"There are some things, Craig, that you will never understand."
My good friend Eric had a point. I really did not comprehend how the old Famous 4th Street Delicatessen could retain such a devoted clientele when it served mediocre food on Styrofoam plates in a historic but crusty room that had gone to seed. OK, the cookies were pretty good. And David Auspitz, the affable former owner, was a masterful host to the deli's politico power-brunch crowd. But even Eric affectionately referred to his favorite breakfast haunt as "the dirty deli."
So I was not surprised when he returned with a skeptical verdict after visiting a new, improved and suddenly clean Famous: "Too institutional."
After my own visits, Eric and I will have to continue to disagree. But I also now think I have an inkling of what h ce means.
On the most obvious levels, the new Famous is a vast improvement over the old one. It's been completely rehabbed by Russ Cowan, who has brought along the fragrant towers of hot corned beef, superb smoked fish, and giant bowls brimming with chicken-in-the-pot that have made him the region's undisputed king of deli. It's a reputation he's rightfully earned by opening (then selling) three delis called Kibitz (in Center City, Cherry Hill, and down the Shore); Pastrami & Things; and the Bread & Bagel.
Whether Cowan will end his string of corned-beef carpetbagging and settle at Fourth and Bainbridge remains uncertain. But the Famous presents Cowan with a number of different challenges that guarantee he'll be there for a while. And that would be nice, since his delis inevitably decline after he departs.
He's taken great care to respect the historic feel of the Famous, refurbishing the paned window atrium, replacing the floors with vintage 1930s tile, installing art-deco lights and a wall of memorabilia from his family's own four-generation legacy of Radin's delis in Brooklyn.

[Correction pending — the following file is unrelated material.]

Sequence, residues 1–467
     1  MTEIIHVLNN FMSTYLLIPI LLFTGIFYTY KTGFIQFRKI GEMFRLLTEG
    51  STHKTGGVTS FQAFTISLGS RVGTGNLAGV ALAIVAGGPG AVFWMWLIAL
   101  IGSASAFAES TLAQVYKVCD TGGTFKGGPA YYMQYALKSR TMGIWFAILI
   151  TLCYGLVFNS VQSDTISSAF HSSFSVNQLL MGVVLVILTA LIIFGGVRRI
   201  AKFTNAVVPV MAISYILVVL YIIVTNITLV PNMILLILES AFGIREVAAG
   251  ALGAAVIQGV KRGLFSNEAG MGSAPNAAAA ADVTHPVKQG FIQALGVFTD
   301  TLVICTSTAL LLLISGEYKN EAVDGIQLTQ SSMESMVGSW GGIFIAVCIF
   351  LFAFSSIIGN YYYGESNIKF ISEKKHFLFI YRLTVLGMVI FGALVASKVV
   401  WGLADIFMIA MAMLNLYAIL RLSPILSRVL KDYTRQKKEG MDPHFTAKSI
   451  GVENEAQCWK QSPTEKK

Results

Even so, there is an awkward aura of unfinished newness to the space. Maybe it just needs time to gather the patina that makes any good neighborhood deli fit like a comfy old shoe. But why, for example, would Cowan install a classic antique soda fountain only to use it as an open storage bin for bottles of window cleaner and paper towels?
Even the waitstaff, many of whom are holdovers from the old place, occasionally seem nervously unable to cope with the high volume and sheer gravity of a Cowan-style deli, groaning "Oh my God!" under their heaping trays as they teeter toward a table.
The portions here are that big. My friend Dave claims he sprained his jaw biting into his corned-beef reuben. And that was a "regular." The "zaftig" sandwiches are so overloaded (with about 15 ounces of meat, says Cowan) they seem built more to evoke "shock and oy!" than to feed a person.
I'm all for generous portions, but Cowan risks painting Famous as the deli equivalent of Buca di Beppo, a caricature of ethnic gluttony, when, in fact, it is the pure quality and consistency of the food that sets his places apart. And Famous is no exception.